As a certifier you can:
- assess and approve plans relating to new or altered buildings
- inspect construction work at mandatory stages
- provide certificates of inspection to the builder following inspections
- issue enforcement notices on building work when necessary
- give final certification for a building to be occupied.
You are not responsible for job site supervision, quality control, or making sure a builder complies with their contract.
Continuing professional development
Keeping up to date with the latest building practices and legislation is an important part of your role. Some of the areas where you must continue to increase your knowledge include:
- technical building practices and related engineering, design and construction practices
- building related law and the implications of those laws
- building codes and standards
- risk assessment and management principles relevant to the design and construction of buildings
- professional and ethical responsibilities and obligations
- effective communication techniques with designers, builders, building owners and the general community.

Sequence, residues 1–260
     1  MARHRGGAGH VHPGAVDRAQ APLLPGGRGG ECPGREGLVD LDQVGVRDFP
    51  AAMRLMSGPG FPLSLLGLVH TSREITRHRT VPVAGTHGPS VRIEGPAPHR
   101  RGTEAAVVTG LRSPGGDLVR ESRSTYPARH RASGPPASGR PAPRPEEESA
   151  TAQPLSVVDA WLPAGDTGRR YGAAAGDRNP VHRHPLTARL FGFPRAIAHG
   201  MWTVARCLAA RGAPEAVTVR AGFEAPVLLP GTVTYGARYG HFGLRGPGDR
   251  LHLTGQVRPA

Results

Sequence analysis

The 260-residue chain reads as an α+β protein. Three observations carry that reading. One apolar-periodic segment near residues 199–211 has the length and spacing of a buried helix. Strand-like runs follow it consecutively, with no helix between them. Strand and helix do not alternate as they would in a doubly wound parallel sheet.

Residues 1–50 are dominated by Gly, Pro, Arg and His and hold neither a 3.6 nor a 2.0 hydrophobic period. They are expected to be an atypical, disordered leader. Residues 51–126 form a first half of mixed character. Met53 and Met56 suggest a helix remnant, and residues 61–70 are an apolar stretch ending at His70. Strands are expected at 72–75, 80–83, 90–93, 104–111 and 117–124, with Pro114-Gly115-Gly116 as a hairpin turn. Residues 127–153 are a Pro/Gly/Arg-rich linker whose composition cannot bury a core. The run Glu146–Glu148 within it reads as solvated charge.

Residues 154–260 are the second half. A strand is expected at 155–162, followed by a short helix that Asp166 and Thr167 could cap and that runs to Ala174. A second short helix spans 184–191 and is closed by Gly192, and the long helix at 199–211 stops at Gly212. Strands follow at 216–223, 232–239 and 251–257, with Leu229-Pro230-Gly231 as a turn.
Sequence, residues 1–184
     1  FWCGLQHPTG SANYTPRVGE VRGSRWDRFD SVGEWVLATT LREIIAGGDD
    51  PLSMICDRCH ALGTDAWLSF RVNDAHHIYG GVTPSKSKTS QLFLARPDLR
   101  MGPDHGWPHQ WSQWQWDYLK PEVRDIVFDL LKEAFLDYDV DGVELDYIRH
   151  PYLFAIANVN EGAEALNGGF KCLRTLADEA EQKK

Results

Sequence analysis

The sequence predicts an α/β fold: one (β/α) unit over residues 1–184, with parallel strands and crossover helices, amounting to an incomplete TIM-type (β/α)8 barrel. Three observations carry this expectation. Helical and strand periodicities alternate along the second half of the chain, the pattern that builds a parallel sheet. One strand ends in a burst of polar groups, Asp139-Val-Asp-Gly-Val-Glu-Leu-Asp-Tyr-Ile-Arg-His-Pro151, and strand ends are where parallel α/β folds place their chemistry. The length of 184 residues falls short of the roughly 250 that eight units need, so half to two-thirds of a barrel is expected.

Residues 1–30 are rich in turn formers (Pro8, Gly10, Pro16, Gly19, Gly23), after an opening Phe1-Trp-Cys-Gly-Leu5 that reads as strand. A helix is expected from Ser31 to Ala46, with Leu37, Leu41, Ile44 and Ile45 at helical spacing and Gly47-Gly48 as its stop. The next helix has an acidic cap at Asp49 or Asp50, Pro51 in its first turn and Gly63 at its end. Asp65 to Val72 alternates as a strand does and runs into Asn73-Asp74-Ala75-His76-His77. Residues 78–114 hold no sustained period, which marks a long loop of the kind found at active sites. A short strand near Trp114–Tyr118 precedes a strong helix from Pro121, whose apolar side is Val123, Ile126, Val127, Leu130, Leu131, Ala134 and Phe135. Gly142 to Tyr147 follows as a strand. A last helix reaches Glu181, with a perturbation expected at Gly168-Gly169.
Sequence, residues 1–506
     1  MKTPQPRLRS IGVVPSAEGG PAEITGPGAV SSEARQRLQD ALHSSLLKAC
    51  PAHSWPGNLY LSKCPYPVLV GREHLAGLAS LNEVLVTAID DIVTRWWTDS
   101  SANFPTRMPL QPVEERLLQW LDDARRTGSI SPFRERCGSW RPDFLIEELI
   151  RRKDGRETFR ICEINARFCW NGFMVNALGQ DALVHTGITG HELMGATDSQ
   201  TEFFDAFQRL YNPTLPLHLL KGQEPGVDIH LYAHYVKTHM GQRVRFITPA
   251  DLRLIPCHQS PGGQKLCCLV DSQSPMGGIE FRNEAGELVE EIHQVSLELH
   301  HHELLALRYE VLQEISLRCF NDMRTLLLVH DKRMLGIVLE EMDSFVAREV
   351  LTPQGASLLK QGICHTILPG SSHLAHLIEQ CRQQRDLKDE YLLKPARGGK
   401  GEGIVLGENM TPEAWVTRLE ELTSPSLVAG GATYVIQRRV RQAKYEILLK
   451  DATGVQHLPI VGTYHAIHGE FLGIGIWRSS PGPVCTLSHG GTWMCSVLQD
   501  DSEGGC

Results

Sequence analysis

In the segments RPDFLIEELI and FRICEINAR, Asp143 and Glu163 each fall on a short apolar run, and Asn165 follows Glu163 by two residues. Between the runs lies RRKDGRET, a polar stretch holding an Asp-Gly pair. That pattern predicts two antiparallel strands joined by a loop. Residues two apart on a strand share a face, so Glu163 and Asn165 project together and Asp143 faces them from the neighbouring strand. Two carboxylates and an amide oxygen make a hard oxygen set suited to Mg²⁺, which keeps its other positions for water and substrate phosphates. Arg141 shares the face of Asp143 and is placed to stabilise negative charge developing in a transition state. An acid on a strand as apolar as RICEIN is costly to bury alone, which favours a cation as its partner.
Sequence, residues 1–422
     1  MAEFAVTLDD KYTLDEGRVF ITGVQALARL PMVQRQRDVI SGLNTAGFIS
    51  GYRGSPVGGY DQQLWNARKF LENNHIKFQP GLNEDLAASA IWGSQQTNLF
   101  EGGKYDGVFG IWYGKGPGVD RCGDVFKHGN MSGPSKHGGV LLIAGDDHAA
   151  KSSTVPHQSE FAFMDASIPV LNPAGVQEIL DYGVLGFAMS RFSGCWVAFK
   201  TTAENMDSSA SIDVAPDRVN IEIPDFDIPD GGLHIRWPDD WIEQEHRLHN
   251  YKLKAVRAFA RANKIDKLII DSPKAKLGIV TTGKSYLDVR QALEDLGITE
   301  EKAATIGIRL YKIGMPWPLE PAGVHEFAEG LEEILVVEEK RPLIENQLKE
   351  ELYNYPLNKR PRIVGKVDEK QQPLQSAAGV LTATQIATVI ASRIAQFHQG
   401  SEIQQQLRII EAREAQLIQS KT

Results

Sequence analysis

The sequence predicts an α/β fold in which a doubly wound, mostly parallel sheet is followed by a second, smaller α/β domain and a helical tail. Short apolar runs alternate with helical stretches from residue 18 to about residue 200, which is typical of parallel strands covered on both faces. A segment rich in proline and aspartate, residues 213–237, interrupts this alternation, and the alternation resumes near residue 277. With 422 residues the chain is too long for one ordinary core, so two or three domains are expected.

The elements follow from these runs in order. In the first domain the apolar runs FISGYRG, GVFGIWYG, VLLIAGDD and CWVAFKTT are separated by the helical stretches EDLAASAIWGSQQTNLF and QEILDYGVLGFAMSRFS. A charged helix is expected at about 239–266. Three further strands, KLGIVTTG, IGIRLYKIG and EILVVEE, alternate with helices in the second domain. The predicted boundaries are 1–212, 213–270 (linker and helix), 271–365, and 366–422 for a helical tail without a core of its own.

Maintaining the integrity of your role
There is a high level of accountability in your position as a certifier so it is important that you avoid situations that may cause a conflict of interest.
This means that you can’t certify or approve work in a project where you have personal involvement, or from which you are able to gain a profit. Additionally, you can’t take on dual roles of certifier and builder or designer. Your obligations as a certifier also include:
- abiding by the Code of Conduct for Building Certifiers
- acting in the public interest when performing building certifier functions, even when the public interest is inconsistent with another obligation
- giving the building owner inspection documentation following inspections and final certification for a building to be occupied
- giving the building owner (at their written request) a copy of the inspection documentation for a previous stage of building work
- complying with the owner’s direction to perform additional certification functions
- keeping inspection documentation for 7 years
If you want to know more about the requirements and expectations, refer to the Code of Conduct for Building Certifiers.